An escalating number of Palestinian children are being held in solitary confinement or detained without charge or trial under administrative detention. 16 Palestinian children have been detained without charge or trial under administrative detention since October 2015, reported Defense for Children International on 28 July.
DCI highlighted the case of Abdel-Rahman Kamil, 15, of Qabatiya in Jenin, arrested in February of this year. He was interrogated in the Salem military camp near Jenin without being allowed to consult a lawyer, and asked about alleged intentions to stab a soldier, throwing stones at invading Israeli occupation forces, or knowing young men from his town who participated in Palestinian resistance activities. Despite denying all of this, he was ordered to a six month administrative detention order without charge or trial on the basis of secret evidence. Despite a court reducing the order to four months, his administrative detention was then again renewed for an additional four months in June. He was one of seven children whose administrative detention orders were renewed in the month of June.
DCI also reported that “from January through June, Israeli authorities held at least 13 Palestinian children in solitary confinement for two or more days, compared to a total of 15 cases during 2015.” One 16-year-old boy from Yabad near Jenin spent 22 days in isolation. DCI noted that “the use of isolation for Palestinian child detainees is solely for interrogation purposes to obtain a confession and/or gather intelligence or information on other individuals.”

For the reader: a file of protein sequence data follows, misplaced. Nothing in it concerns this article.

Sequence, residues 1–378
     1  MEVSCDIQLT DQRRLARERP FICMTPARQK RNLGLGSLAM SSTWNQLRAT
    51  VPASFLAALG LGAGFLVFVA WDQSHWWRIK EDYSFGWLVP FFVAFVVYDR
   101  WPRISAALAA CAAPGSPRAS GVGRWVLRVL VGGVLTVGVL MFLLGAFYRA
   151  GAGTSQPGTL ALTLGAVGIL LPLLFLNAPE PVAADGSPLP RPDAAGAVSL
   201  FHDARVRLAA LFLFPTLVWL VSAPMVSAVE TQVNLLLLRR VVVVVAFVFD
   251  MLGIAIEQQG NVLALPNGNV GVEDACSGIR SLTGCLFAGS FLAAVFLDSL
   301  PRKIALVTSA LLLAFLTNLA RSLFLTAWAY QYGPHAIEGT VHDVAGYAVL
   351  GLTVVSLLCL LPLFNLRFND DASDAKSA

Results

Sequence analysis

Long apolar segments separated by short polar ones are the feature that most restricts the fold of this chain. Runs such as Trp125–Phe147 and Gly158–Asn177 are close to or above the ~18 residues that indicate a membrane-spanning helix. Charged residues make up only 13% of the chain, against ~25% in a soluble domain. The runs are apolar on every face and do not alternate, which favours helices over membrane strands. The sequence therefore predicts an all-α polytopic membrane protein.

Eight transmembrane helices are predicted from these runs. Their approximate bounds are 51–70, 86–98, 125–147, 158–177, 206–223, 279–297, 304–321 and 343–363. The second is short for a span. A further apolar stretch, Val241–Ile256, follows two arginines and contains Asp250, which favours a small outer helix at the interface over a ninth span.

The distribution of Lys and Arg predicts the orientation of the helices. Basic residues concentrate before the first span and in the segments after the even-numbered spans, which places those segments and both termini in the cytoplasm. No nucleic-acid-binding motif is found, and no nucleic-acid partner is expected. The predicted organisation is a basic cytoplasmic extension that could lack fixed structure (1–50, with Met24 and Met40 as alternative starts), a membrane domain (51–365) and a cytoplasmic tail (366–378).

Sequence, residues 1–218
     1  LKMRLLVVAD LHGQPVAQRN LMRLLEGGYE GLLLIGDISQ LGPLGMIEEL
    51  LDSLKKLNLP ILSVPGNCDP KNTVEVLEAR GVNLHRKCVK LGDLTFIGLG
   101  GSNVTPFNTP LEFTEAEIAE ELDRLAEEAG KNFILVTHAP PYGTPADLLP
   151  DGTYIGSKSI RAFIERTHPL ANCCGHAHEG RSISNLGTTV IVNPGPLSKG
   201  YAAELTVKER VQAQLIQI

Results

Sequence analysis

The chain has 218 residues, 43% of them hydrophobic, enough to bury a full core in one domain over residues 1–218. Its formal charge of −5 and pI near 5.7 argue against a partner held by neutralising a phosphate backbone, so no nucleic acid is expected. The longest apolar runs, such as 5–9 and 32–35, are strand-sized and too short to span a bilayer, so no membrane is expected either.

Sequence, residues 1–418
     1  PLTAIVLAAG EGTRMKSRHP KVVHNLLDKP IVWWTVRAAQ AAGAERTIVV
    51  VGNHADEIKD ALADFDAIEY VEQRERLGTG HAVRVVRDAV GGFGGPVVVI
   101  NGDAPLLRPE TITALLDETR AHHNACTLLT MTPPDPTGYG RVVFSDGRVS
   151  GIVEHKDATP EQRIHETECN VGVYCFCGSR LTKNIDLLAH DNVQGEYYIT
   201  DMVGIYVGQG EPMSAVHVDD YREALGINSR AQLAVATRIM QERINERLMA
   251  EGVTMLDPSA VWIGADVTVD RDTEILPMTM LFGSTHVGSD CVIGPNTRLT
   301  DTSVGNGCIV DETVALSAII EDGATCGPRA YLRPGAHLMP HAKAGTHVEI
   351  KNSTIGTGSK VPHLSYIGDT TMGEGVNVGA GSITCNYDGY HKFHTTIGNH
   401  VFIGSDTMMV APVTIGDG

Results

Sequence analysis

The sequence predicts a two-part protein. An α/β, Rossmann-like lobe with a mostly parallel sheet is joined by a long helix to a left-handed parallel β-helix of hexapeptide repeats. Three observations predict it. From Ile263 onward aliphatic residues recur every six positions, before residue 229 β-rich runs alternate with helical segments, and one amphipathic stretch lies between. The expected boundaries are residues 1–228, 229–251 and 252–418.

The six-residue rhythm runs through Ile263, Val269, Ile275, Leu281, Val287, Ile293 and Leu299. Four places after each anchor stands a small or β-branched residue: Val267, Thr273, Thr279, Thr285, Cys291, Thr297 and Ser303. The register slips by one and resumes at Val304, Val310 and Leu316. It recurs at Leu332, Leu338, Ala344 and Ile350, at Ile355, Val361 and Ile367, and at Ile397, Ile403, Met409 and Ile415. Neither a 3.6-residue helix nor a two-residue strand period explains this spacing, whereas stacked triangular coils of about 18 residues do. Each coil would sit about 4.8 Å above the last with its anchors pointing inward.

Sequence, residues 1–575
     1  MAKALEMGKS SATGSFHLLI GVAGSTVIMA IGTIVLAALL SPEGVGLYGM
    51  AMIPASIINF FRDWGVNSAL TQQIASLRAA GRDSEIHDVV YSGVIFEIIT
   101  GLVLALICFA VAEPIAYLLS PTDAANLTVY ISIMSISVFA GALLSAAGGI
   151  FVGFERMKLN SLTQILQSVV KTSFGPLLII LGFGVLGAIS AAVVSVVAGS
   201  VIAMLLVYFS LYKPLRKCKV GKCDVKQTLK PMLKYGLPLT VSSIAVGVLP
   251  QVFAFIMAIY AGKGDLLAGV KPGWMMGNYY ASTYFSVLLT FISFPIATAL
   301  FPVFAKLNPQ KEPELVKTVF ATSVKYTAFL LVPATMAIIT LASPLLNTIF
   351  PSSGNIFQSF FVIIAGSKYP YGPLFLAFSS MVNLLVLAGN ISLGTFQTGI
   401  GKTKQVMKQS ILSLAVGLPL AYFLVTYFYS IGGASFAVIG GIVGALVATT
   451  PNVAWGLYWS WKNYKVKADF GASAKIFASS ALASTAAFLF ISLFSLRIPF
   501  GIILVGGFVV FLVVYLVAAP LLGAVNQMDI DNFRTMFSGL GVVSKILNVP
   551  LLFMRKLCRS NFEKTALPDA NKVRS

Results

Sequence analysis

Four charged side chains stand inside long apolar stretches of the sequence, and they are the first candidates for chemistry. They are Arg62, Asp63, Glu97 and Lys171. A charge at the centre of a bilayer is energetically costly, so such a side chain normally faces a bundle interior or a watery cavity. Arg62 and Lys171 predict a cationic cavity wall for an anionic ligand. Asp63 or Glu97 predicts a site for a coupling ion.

They highlighted the case of Rami K., 18, who was held in solitary confinement for 16 days for interrogation purposes. He reported that he was interrogated for 45 hours over a period of days, and that his hands and feet were bound to a metal chair during interrogation in stress positions. Rami is currently serving a 10 month prison sentence and a 3000 NIS fine ($780). He will spend another three months in prison if his family cannot pay.
The Israeli occupation prosecutes nearly 700 Palestinian children each year in military courts, alongside its use of administrative detention against Palestinian child prisoners. Two debates have been held in the British parliament on Palestinian children in Israeli military custody in 2016, while 20 members of the U.S. Congress urged President Obama to appoint a “special envoy for Palestinian youth,” to address issues relating to the human rights of Palestinian children and youth. Meanwhile, the Israeli state is escalating laws used to punish and imprison Palestinian children.
As DCI notes:
“The amendments to the Israeli penal code in 2015 included stricter penalties in mandatory sentencing laws such as a maximum 10 year sentence for throwing a stone, or other object, at traffic, without intent to cause injury, and 20 years for throwing a stone, or other object, at traffic with intent to cause injury. While the 20-year maximum sentencing existed prior to 2015, the word “stone” was added to specifically target Palestinian society.
Minimum penalties for stone-throwing offenses, one-fifth of the maximum penalty, were also added to the penal code. In a controversial decision, the Knesset, or Israeli parliament, added to the scope of punishment the denial of National Insurance benefits to families whose members have been convicted of throwing stones.
According to the Association for Civil Rights in Israel (ACRI), proposals are also in the works to impose life sentencing for children under the age of 14.”